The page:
Ben Highmore - Writing vs. Research - The de Certeau remix

Ben Highmore's most recent book Michel de Certeau: Analysing Culture adds to his already impressive output (see also Everyday Life and Cultural Theory: An Introduction and his edited volume The Everyday Life Reader).

There are too many useful ideas in the book to address here, but he argues that de Certeau offers more than a series of catchy terms (tactics vs. strategies, poaching texts, etc.) for application in cultural studies/theory, but articulates a "metamethodology," or an exemplary practice of cultural analysis.

Of particular interest to us is Highmore's discussion of university research. He notes, "...research is encouraged as long as it follows a prescribed pattern." This pattern, of course applies to nearly every liberal art discipline, "...'research' is a euphemism; what it really means is 'publication' - production..." Writing, and a very specific form of writing at that, becomes the only way to explore ideas, the only embodiment of research. Highmore argues de Certeau shows that "writing works antagonistically to the business of research." Highmore quotes de Certeau: "While research is interminable, the text must have an ending, and this structure of finality bends back on the introduction, which is already organized by the need to finish..."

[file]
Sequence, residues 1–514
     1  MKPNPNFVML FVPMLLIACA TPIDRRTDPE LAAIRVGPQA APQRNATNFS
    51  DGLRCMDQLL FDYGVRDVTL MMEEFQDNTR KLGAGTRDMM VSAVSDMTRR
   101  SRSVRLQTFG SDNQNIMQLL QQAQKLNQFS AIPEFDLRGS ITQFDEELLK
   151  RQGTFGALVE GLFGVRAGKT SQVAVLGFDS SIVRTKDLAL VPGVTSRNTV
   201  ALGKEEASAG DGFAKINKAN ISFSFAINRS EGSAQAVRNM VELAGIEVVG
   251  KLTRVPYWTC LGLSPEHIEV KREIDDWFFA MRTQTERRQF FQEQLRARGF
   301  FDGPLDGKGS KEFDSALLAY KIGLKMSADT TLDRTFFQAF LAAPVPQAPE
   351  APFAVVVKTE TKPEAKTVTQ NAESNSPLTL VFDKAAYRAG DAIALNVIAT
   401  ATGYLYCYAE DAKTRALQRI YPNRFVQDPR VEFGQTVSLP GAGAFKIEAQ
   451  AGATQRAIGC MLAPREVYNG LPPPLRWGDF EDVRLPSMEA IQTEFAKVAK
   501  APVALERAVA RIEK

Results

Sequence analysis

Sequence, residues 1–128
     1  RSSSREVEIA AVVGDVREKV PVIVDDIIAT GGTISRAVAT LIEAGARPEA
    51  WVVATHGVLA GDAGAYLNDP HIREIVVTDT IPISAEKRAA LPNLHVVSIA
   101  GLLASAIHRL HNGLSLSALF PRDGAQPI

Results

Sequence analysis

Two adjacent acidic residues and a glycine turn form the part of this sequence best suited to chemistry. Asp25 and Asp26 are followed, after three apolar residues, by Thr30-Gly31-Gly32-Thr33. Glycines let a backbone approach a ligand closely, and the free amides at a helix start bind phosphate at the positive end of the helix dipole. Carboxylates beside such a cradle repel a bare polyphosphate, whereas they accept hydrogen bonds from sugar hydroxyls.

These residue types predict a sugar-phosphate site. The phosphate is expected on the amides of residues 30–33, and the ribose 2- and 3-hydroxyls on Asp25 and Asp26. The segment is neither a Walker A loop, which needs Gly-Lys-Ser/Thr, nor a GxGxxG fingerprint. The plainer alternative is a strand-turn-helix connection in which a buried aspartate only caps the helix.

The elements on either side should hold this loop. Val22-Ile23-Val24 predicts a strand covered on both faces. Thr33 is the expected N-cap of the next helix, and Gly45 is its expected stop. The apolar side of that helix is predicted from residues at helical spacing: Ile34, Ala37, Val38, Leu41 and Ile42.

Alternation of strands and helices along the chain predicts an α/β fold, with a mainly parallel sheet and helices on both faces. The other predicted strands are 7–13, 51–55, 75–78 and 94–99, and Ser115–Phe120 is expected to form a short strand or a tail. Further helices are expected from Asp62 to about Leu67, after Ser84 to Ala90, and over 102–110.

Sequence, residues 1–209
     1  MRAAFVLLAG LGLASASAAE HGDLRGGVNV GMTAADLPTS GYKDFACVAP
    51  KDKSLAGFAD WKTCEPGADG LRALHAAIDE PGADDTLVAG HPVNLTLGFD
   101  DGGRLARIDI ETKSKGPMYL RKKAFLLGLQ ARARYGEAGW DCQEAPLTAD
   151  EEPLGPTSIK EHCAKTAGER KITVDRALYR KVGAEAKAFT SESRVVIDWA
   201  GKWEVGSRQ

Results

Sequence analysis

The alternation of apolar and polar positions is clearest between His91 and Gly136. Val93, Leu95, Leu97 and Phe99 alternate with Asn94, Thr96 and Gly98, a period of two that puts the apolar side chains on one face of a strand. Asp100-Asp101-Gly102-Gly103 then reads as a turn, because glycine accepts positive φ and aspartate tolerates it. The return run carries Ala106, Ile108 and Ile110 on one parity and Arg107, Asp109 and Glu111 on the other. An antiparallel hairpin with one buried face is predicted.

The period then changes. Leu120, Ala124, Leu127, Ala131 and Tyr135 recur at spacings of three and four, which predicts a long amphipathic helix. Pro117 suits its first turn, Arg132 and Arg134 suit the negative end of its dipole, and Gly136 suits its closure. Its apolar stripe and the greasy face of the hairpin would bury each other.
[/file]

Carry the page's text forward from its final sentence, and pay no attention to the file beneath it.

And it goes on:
This writing vs. research concept provides further context for why LeisureArts operates within the domain of art so frequently - it is merely the most flexible arena for conducting research. It also points to our problem with so much project-based work which itself tends to possess the same "need to finish" of writing and quickly leads the exploration of research to its own structural demise.

As Highmore puts it:

Here writing isn't simply a constructivist architecture that produces the past; it is more characteristically directed against research, interning the past in variously ornate mausoleums:

Writing speaks of the past in order to inter it. Writing is a tomb in the double sense of the word in that, in the very same text, it both honours and eliminates. Here the function of language is to introduce through saying what can no longer be done...[Highmore quoting de Certeau - edit not in original]

Highmore goes on to caution against any absolutist stance relative to all this. He says that de Certeau is not seeking a "pure writing," but looking to develop writing as an operation, seeking to engage the practice of research within an ethic of commitment and sees this as an "invitation to participate in world-making."